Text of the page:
Monday, March 15, 2021

Beers & Books LIX – Lady Gregory

There is many
a man without learning
will get the better of a college-bred man,
and will have better words, too.

Lady Gregory  (15 March 1852 – 22 May 1932)


  1. What a nice coincidence... momentarily I almost finished Cuchulain of Muirthemne, The Story of the Men of the Red Branch of Ulster,also written by Lady Augusta Gregory =]

    1. Now that's indeed a nice coincidence!

    2. But I can't agree with her statement (Though I understand why she had this opinion, as she lacked a college degree). But it's a misconception to think that a person who didn't go to college didn't "learn" nor that someone who did, necessarily learned anything.
      In my opinion it's impossible to achieve a certain skill without learning and practicing the things learned. Despite college degrees...

    3. Hm, I think Lady Gregory would not disagree with you, Linda.
      I understand that a peasant, e.g., or a humble cobbler can be "wiser" than someone who believes he has eaten wisdom with spoons, because he studied astronomy, speaks Greek and Latin and knows to recite Banquo:
      And oftentimes, to win us to our harm,
      The instruments of darkness tell us truths,
      Win us with honest trifles, to betray’s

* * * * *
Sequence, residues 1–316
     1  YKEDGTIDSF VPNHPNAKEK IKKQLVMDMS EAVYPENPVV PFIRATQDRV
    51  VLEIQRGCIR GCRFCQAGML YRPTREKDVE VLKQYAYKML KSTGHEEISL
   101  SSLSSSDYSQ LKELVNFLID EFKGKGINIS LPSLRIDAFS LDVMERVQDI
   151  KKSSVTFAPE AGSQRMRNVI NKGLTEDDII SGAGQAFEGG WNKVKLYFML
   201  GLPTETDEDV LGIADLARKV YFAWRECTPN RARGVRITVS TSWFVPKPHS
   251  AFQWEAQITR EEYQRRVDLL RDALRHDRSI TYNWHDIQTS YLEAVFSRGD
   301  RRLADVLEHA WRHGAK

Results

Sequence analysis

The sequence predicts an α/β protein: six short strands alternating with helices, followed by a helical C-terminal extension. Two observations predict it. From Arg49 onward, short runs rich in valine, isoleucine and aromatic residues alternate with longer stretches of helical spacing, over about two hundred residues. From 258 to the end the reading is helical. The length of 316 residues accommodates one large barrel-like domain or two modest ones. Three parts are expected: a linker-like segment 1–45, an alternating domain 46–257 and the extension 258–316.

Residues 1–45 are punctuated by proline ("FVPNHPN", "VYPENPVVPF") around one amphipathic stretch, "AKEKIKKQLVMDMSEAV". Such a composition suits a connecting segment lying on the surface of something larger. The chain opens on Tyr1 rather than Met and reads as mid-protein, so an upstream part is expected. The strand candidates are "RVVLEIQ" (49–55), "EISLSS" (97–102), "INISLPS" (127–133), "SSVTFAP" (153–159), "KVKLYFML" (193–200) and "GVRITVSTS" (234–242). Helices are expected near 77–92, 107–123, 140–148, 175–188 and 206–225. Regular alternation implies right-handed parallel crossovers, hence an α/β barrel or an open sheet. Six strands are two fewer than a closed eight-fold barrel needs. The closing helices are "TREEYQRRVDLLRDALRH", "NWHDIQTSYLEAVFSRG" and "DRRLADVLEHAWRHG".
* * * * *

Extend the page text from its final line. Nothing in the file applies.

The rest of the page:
In deepest consequence.
      What did an elderly woman say, being asked one day after the Tiananmen Square Massacre for her opinion about democracy? "I can't eat democracy."

    4. Oops, Sean, did I misinterpret Lady Gregory? Was this a statement about whisdom? For I thought she was talking about knowledge and I see quite some distinction between both.
      Nothing beats a good cobbler though, if my shoes need a repair. Because he learned how to fix them, and I didn't ;-)

      Meanwhile I recommend "Cuchulain of Muirthemne" which I finished last evening. The book was quite a revelation to me.

    5. All I know is that I would not have chosen this very quote had I interpreted it your way. Perhaps a native speaker could help.
      As for "Cuchulain of Muirthemne", I read it 'deep' in the past millennium. In what way it was a revelation for you?

    6. First of all, I'm not so familiar with the Irish saga's, so the age of the stories were a suprise for me.
      These saga's date from the time Beowulf originated.
      Second, the actions in the story are remarkably timeless and show such a great fantasy from the original narators, one would wish to sit by the fire listening to these story tellers.
      Then there are the similarities with other mythological stories, e.g. the Greek
      And last but not least the story of the creation of the book itself.
      If William B. Yeats had been less supportive in his review, maybe Lady Gregory's efforts weren't appreciated in the same way as they were... and that's a frequently occuring problem in the art world. To enter the "circle", one needs the right recommendations, talented or not.
      I hope in a nutshell I 've answered your question...?
      May I ask, what's your opinion about this book?